The Northwood Idea
We view a Northwood University education as an investment in your future. Any person who devotes time to a Northwood education gives up the opportunity to devote that time to all the other pursuits he or she might engage in during that time.
The Value of The Idea
We believe that competitive, productive effort can overcome obstacles, solve problems, and achieve goals; that human beings can make a difference in the world in which they live; that political and economic freedom is of paramount importance in releasing creativity and productivity; that sacrifice--savings--is a necessary prerequisite to progress; that equality of opportunity based on contribution and inequality of reward using the same criteria are not only appropriate but the necessary conditions; in a system not forced into conformity with some master plan; that it is the differences among us that make us interesting and useful to each other; in the freedom to fail. We must be free to bear the positive and negative consequences of our actions; that in a competitive system, all who participate benefit from it; we dedicate ourselves to the elimination of artificial barriers to equal opportunity for all human beings. Racial, religious and sexual barriers are anathema to us; that an understanding and appreciation of the arts and humanities is a primary source of human enrichment in the lives of productive human beings; that education is never something that one person can do to another. It is, rather, something two people do together. This means that an educational institution is, primarily, a facilitator of knowledge. We practice a healthy skepticism of large and powerful government because we think history has clearly demonstrated that such structures move rapidly from being of the people toward being over the people, and freedom is lost in the balance. Our intolerance of monolithic power is consistent across the business, labor, and government spectrum. We suspect, furthermore, that as a society we cannot gain from the establishment of legal monopolies except in a very few and constrained circumstances. This is The Northwood Idea.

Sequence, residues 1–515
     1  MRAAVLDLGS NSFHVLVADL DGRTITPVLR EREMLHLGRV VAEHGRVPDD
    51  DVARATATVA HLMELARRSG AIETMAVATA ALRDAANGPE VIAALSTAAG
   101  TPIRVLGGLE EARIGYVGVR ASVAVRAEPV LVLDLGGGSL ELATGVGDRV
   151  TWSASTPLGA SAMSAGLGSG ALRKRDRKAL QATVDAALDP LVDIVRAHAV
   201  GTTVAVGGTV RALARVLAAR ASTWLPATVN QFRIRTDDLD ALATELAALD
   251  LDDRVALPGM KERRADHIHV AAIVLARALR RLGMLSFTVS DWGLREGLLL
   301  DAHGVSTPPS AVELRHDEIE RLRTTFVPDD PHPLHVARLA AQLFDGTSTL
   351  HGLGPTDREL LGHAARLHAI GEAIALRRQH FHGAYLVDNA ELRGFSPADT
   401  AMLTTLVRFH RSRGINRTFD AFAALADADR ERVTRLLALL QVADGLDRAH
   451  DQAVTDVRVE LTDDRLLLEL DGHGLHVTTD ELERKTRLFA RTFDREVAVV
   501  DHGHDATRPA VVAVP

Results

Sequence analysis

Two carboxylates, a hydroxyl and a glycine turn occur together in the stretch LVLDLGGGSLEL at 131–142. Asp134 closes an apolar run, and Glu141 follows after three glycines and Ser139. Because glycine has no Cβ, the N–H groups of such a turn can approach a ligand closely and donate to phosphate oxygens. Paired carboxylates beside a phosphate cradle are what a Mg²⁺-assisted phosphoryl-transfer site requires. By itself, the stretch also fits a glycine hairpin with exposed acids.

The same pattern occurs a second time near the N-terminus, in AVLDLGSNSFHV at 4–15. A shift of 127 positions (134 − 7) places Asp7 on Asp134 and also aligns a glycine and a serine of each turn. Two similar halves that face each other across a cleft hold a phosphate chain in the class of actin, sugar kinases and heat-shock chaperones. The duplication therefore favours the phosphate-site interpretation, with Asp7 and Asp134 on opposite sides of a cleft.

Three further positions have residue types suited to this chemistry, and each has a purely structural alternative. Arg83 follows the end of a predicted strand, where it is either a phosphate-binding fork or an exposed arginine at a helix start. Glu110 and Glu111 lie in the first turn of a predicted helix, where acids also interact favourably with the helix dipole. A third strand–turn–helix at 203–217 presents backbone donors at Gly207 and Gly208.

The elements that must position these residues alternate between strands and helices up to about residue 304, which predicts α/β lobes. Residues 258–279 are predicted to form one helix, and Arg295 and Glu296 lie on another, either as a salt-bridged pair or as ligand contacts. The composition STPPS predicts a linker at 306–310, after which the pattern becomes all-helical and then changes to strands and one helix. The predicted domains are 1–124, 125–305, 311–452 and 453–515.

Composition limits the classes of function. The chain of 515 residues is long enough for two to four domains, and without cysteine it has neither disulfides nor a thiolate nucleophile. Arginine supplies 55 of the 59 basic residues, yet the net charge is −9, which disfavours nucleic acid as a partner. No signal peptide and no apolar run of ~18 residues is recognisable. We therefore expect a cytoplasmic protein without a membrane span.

On March 23, 1959, two young men with an idea, a goal, and a pragmatic philosophy to encompass it all, broke away from their careers in a traditional college structure to create a new concept in education. Their visionary idea became a reality when Dr. Arthur E. Turner and Dr. R. Gary Stauffer enrolled 100 students at Northwood Institute, using a 19th-century mansion in Alma, Michigan, as a school building, a small amount of borrowed money for operating expenses, and a large amount of determination. Northwood was created as the world was changing. The Russians had launched Sputnik and America was soon to follow. Stauffer and Turner watched the race to space. They envisioned a new type of university-one where the teaching of management led the way. While the frontiers of space were revealing their mysteries, Stauffer and Turner understood all endeavors - technical, manufacturing, marketing, retail, every type of business - needed state-of-the-art, ethics-driven management. Time has validated the success of what these two young educators called "The Northwood Idea" - incorporating the lessons of the American free-enterprise society into the college classroom. Dr. David E. Fry took the helm in 1982 and then Dr. Keith A. Pretty in 2006, each continuing the same ideals as Stauffer and Turner, never wavering from the core values, the University grew and matured. Academic curricula expanded; Northwood went from being an Institute to an accredited University, the DeVos Graduate School of Management was created and then expanded; the Adult Degree Program and its program centers expanded to over 20 locations in eight states; international program centers were formed in Malaysia, People's Republic of China, Sri Lanka, and Switzerland; and significant construction like the campus Student Life Centers added value to the Northwood students' experience. New endeavors such as Aftermarket Studies, entertainment and sports management and fashion merchandising along with a campus partnership in Montreux, Switzerland, demonstrate an enriched experience for all our students. With a clearly articulated mission to develop the future leaders of a global, free-enterprise society, Northwood University is expanding its presence in national and international venues. Professors are engaged in economic and policy dialogue; students are emerging as champions in regional and national academic competitions. At all campuses and in all divisions, Northwood University is energized and is actively pursuing dynamic programming and increased influence. Northwood University educates managers and entrepreneurs - highly skilled and ethical leaders. With over 35,000 alumni and a vibrant future ahead, The Northwood Idea is alive and well.